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TweetFacebookCAR horns blared continuously along King Street next to Civic Park on Tuesday evening when the United Voice union asked motorists to hit their horns in support of a campaign to win higher wages for childcare workers.

The protest was attended by about 50 childcare workers and supporters, together with Labor state MPs Kate Washington and Tim Crakanthorp.

United Voice wants a 30 per cent pay increase for childcare workers but failed after a long effort to win such an increase through the Fair Work Commission, which dismissed the union’s case last month.

Read more: Early childhood education staff walk off the job

As a result, the union called a nationwide stoppage on Tuesday, seeking public support for their campaign.

Warners Bay childcare worker Bianca Guillaume told the rally that childcare workers deserved professional wages and professional recognition from the federal government.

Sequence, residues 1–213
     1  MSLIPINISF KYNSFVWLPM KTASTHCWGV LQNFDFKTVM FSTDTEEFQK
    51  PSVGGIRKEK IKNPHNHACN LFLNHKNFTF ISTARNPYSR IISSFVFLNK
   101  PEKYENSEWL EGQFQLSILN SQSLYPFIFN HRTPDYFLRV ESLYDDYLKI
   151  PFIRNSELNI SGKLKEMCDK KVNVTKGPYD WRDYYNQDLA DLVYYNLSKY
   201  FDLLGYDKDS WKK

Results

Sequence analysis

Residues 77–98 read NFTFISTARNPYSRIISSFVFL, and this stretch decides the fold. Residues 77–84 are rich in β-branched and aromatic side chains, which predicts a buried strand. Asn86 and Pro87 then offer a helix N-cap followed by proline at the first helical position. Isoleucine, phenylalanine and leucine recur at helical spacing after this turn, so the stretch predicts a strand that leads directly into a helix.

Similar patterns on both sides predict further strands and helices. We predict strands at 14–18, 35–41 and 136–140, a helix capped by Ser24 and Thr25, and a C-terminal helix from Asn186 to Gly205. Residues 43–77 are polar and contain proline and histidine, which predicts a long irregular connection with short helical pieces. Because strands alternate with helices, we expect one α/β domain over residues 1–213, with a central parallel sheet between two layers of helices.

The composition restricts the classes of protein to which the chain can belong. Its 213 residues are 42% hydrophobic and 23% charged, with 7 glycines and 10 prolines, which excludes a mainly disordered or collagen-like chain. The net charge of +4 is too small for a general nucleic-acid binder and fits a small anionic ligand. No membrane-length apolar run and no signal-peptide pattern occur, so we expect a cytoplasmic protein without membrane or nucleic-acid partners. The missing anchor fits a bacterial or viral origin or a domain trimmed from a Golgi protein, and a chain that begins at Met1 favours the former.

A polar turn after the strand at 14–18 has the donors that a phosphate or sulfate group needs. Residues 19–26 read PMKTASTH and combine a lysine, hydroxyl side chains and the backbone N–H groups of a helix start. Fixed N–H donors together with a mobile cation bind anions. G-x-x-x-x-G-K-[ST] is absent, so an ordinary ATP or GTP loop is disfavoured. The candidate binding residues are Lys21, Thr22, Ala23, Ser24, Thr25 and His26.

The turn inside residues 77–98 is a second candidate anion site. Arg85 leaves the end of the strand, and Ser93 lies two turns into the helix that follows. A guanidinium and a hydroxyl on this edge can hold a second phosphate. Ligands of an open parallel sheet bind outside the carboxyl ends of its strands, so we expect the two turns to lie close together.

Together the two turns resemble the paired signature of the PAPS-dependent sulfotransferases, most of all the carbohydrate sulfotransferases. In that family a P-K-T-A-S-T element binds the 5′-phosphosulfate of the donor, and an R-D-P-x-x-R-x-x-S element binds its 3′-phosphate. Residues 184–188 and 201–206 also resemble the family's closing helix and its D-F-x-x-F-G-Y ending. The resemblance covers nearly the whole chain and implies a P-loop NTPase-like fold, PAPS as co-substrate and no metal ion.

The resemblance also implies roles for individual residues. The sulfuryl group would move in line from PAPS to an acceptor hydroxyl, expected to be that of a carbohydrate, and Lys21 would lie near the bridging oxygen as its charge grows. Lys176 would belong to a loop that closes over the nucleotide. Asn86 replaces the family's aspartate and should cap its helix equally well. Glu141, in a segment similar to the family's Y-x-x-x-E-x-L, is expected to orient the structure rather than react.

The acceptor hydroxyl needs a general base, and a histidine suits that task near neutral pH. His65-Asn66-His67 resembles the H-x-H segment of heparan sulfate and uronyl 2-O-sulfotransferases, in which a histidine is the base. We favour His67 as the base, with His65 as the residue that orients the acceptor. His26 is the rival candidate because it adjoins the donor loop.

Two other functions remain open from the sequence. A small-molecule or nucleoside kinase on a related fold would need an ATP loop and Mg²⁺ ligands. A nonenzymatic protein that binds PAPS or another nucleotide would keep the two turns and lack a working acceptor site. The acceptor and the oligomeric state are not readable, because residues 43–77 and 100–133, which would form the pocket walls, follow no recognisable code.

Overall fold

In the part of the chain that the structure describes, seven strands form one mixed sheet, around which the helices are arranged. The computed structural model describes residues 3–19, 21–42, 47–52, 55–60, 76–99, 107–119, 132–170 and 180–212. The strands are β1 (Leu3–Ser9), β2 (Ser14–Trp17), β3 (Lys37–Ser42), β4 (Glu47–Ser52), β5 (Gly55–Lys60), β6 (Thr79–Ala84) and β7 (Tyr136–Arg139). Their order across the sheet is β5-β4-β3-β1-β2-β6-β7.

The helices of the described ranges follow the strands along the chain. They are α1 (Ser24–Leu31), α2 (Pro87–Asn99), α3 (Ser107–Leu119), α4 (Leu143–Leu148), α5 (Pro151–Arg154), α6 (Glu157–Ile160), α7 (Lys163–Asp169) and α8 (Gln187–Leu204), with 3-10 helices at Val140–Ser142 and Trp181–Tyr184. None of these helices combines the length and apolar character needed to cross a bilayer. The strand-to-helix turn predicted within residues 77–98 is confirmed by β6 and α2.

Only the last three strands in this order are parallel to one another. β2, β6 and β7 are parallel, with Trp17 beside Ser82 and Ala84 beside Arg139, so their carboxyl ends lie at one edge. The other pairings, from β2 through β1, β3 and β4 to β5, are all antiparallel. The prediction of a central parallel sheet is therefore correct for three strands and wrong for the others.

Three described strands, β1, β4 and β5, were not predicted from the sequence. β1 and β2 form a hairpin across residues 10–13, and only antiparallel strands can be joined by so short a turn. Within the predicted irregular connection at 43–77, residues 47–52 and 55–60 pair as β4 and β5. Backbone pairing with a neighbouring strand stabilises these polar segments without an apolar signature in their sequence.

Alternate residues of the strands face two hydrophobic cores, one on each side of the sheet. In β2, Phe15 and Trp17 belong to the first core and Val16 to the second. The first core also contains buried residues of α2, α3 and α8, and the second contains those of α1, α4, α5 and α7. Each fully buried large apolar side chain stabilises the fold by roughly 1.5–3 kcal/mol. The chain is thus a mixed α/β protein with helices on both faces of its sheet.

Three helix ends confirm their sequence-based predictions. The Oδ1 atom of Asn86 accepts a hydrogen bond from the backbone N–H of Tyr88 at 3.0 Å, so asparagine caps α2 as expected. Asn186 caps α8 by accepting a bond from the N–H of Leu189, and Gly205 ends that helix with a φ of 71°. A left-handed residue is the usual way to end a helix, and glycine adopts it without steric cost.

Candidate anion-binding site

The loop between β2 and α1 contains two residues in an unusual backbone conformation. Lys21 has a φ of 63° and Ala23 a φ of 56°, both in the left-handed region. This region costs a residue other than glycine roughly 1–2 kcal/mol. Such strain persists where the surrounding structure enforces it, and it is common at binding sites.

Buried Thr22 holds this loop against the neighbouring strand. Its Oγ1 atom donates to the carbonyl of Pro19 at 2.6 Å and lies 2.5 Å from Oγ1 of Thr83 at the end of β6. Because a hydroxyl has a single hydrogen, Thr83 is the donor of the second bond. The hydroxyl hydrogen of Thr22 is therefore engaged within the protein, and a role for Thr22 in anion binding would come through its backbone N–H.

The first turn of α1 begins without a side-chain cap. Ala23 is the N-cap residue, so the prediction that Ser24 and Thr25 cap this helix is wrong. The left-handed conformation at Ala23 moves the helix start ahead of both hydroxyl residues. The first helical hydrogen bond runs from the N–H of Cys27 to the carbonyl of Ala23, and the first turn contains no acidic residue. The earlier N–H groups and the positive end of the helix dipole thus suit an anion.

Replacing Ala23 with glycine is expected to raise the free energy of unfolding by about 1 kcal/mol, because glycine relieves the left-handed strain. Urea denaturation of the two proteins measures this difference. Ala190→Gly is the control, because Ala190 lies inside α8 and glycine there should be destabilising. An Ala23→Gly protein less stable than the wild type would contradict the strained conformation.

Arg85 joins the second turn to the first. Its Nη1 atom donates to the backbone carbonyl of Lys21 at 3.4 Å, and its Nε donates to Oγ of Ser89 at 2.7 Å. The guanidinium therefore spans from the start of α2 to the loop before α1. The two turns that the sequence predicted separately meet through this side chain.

Describing childcare workers as “educators who have dedicated their lives to creating a better future for children”, Ms Guillaume said it was time to “stand together and demand results”.

When the nationwide series of rallies was announced, the union’s assistant national secretary, Helen Gibbons, said early childhood educators had “a huge responsibility caring for and educating the very youngest members of our community”.

“Yet they can be paid as little as $21 an hour,” Ms Gibbons said.

Read more: This state government response was a surprisebut there is still a long way to do, advocate says

“A responsible government would have already stepped in and fixed this appalling inequity. Prime Minister Malcolm Turnbull and Education and Training Minister SimonBirmingham have consistently passed the buck. This government has no real plan to deliver equal pay for Australia’s early educators.”